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November 22, 2019 | Rome, Italy

Three-legged dog

By | 2018-03-21T18:41:25+01:00 August 22nd, 2010|Area 51|
Italians say Minichiello as an anti-Vietnam hero.
L

ate summer indolence is quirky. News makes waves from humid nothings. Magazines write about whether cats have souls, or if Russians are more susceptible to flirtation than, say, Pakistanis, who are in turn besieged by deviously wicked floods. August tells you that American twenty-somethings are stalled adults or that a new notepad application affords “a clean break from the pencil-and-paper era.” Poor pencils and paper.

Journalists busy themselves with lunatic sentences: “The remains of a Japanese woman have been found in a backpack, in the latest gruesome discovery by investigators searching for missing old people.”

Only August can deadpan the hunters of the missing elderly.

“What do you do?”

“I search for missing old people.”

Thurber applauds.

In 1978, as a correspondent in the Rome bureau of United Press International, a summer memo instructed me to spend less time with Italian politics and more with odd medical conditions, garden vegetables, funny pets, and improbable sex, which summed up sounded illegal.

Still, I took it teasingly to heart, producing a tidy if fictitious piece about a blind Italian tomato farmer whose wife had found a lovable three-legged dog near an abandoned leper colony. The three-legged dog, I added, actually belonged to the farmer’s mistress, a one-time model who had fled the city in a longing search for Umbrian pillow feathers and saffron.

Bereft of satellite signals, those non-global years made summer’s nullity enthralling in reverse. Every August, Italians expected a summer coup, as if generals and their ilk, unable to otherwise entertain themselves, would march on Rome as a momentary antidote to laziness. Why anyone would actually want to seize control Italy failed most seaside logic. It didn’t help that most generals were on vacation.

A year after the summer of the three-legged dog, employed by Newsweek, I was sent to interview a man named Raffaele Minichiello. I was told I could find him at a bar near the Porta Portese flea market in Trastevere, where he made coffee and served sandwiches.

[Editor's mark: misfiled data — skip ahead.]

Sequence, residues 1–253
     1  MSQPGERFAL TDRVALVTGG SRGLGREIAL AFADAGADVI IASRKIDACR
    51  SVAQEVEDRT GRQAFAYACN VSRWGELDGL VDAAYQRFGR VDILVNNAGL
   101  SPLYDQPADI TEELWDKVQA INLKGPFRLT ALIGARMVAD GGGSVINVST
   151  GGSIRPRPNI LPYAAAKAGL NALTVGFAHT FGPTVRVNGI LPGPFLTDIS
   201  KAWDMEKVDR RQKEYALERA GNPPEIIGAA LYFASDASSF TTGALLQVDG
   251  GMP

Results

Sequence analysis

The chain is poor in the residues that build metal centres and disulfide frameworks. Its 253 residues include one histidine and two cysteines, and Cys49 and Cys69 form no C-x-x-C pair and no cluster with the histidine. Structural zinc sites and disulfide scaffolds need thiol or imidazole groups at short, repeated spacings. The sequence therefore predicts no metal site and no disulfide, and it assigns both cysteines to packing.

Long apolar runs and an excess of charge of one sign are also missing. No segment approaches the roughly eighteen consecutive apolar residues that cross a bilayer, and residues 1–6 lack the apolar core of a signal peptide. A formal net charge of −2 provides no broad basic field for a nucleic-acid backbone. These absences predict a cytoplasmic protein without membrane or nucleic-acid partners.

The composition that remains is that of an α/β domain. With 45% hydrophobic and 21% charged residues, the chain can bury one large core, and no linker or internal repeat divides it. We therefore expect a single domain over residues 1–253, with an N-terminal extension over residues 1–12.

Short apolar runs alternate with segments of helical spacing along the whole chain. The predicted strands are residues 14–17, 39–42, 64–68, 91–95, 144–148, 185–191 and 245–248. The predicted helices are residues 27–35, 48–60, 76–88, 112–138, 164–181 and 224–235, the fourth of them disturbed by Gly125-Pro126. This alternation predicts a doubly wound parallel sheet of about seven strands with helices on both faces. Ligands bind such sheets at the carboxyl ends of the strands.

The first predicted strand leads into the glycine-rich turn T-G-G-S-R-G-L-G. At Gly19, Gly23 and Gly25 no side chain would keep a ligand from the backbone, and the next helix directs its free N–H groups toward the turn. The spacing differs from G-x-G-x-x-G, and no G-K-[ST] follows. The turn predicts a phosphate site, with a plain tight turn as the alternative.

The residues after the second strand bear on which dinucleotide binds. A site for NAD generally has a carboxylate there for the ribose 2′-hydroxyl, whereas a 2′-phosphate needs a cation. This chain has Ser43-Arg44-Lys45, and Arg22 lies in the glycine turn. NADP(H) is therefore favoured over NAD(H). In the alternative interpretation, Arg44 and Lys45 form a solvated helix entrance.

At a distance, the Minichiello story falls into the category of missing old people, minus bloodletting and backpacks.

In October 1969, the Italian-born Minichiello, a 20-year-old Marine lance corporal and Vietnam Purple Heart veteran, hijacked a TWA Boeing 707 flying from Los Angeles to San Francisco, forcing it to fly to Rome with stops in Denver (where Minichiello released all 39 passengers and two flight attendants), New York, Maine (for refueling), Ireland (more refueling), and finally landed in Rome some 18 hours later. He said he missed his father.

At the time, Minichiello faced a court martial for burglarizing a supply store to get back $200 the Marines had shortchanged him, or so he said. He boarded the Flight 80 with an M1 carbine, 250 rounds of ammunition, dynamite caps, and a knife after buying a $15.50 ticket to San Francisco. He asked to see the captain over Fresno.

Minichiello, called a “frightened and cornered boy” by Time Magazine, was finally arrested in a field near Rome’s Via Appia Antica after fleeing the airport in a police car he’d commandeering at gunpoint. He spent a year at the city’s Regina Coeli prison and was ultimately tried for “bringing a weapon of war” into Italy (Italy lacked air piracy laws and refused to extradite suspects to nations that sanctioned the death penalty.)

By the start of his November 1970 trial, Minichiello had been transformed into folk hero; a son of Italy forced to serve in the morally corrupt Vietnam War. Attorney Giuseppe Sotgiu’s defense mimicked lyric opera: “I am sure that Italian judges will understand and forgive an act born from a civilization of aircraft and war violence, a civilization which overwhelmed this uncultured peasant, this Don Quixote without Dulcinea, without Sancho Panza, who instead of mounting his Rocinante flew across the skies.”

On it went: “Even from the moon, Minichiello would have come back to us, to breathe the air of Italy, to embrace his aged parents.” Minichiello’s ailing father, an immigrant to the United States, had retired to southern Italy after years in Seattle.

“Don Quixote” Minichiello eventually got a seven-and-half year prison term that amnesties all but canceled. He was released from prison in 1971 to national applause. “Future skyjackers could hardly be discouraged by the leniency shown Minichiello,” wrote Time. His remains the longest one-man hijacking in commercial airline history.

My August meeting with Minichiello was part of a 10-year-anniversary piece intended to recall the hijacking. But by the time I met him the world’s mood had gone surly. And Minichiello with it.

He had nothing to say about the past, and even less to say to an American journalist. “It’s August,” he reminded me (I needed no reminder). “What does anyone have to say in August? Why bother me in August? Come back in September.”

I wanted to, but by then the magazine had lost interest in ancient hijackers. Lunatic sentences, whether about old people, hijackers, or even the illusion of an Iraqi withdrawal, have any given August’s finicky life span. No doubt as enduring as the souls of cats.

About the Author:

Christopher P. Winner
Christopher P. Winner is a veteran American journalist and essayist who was born in Paris and has lived in Europe for more than 30 years.

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